TIERNEY (Western Victoria) — My question is to the Minister for Planning.
Can the minister advise the house on how the Brumby Labor government is at the
forefront of managing coastal climate change, especially in light of his recent
decision to protect the coast at Port Fairy from inappropriate development?
J. M. MADDEN (Minister for Planning) — I welcome Ms Tierney’s interest in
these matters, and I thank her for the execution of the question too, given that
she had to race here within a very critical time frame.
I have announced publicly a number of issues in relation to
low-lying coastal areas, especially managing coastal and climate change
interactions and the effects they have more broadly on these communities.
With my colleague Gavin Jennings, I announced recently the
refusal of a permit for East Beach at Port Fairy, but along with that I
announced a $1 million fund to help Victorian coastal communities better prepare
for the risk of rising sea levels.
What is worth considering here is that it is not just the issue
about potential rising sea levels which needs to be considered.
Hon. J. M. MADDEN — I am providing this information to address
some of the ignorance that is being displayed in this chamber as we speak.
What is important is that it is not just the rising sea level
that might be a major consideration, it is also the interaction of rising sea
levels and other issues such as inundation with tides, tidal changes and the
make-up of the land in some of these locations.
In this instance in Port Fairy a permit had been sought for a
coastal subdivision in a low-lying coastal area. What is important is not just
the fact that it is low lying, but the fact that it is located in and around
sand dunes. If that erosion should take place as well as the sea level rising,
combined with the effects of the Moyne River, we could see some very significant
inundation. It is not just one issue or the other, it is the combination of
As part of that we have contributed $1 million for local
assessments to enable local communities and local councils to study the way
winds and waves will move sand and vegetation along our beaches. It is
the combination of those factors.
I have inspected a number of sites along the coast which fall
into these categories. You might have some low-lying land that you would not
normally appreciate was low lying, but once you get up into the dunes, which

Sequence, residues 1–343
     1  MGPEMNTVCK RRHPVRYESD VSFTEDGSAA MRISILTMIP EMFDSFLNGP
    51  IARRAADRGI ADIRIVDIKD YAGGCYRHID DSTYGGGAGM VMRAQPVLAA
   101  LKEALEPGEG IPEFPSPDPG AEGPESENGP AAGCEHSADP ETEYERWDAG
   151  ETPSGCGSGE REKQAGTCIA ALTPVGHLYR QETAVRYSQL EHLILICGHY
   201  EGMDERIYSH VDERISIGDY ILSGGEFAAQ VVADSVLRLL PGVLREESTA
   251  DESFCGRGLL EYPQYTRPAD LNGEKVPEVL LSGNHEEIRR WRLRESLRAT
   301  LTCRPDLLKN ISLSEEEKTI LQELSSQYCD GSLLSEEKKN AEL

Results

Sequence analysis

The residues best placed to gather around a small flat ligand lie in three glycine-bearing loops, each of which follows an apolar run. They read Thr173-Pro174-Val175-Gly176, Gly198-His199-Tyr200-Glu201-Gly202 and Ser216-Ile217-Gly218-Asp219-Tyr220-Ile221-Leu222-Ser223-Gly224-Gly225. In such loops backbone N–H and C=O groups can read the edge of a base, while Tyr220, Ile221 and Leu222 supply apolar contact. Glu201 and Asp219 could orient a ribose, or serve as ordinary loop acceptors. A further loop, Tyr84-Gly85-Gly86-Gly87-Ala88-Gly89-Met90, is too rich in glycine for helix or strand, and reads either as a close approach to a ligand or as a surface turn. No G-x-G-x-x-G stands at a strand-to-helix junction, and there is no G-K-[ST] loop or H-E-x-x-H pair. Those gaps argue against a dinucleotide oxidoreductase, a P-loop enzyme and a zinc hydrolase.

might be the point in the land that divides it from the beachfront —
particularly down in some of those Gippsland areas — you appreciate that if
some of those dunes were to wash away in a very significant storm, and given a
bit of a sea level rise and a bit of inundation, you would end up with the ocean
almost moving into that land not just hundreds of metres but potentially a
kilometre or two.
The enormous inundation that would occur would have a very
significant effect not only on local biodiversity and on the landform but on a
whole lot of other very significant issues going forward that would complicate
matters for urban settlement in some of these areas.
It is important therefore that we take a very proactive
approach. It is not just one singular issue of sea level rise; it is the
combination of those factors. The money we have provided to these local
communities to investigate the significance of those local conditions in
relation to the expected sea level rises will certainly assist them to work
through those issues.
The permit sought in relation to Port Fairy was for a 22-lot
residential subdivision on the sand dunes at East Beach. The decisions is in
line with the independent expert advice from a joint planning panel and advisory
committee after an investigation and consideration of the coastal planning
processes. I am pleased that this matter has been resolved, but of course we
have to work out the rezoning that will occur on that land. We will work with
the Moyne Shire Council to plan for the future and address the long-term impacts
of climate change on this part of the land in Port Fairy.
The knowledge, the tools and the new layers of data that will
come from this funding and the research can give coastal communities, local
government and decision-makers and relevant coastal managers and authorities the
confidence to work together to plan for our future and the impacts of future sea
level rises. This is another example of how we — the Brumby Labor government —
are working and acting on climate change. We are not sceptical about it, but
active and proactive about it, and we are continuing to make Victoria the best
place to live, work and raise a family.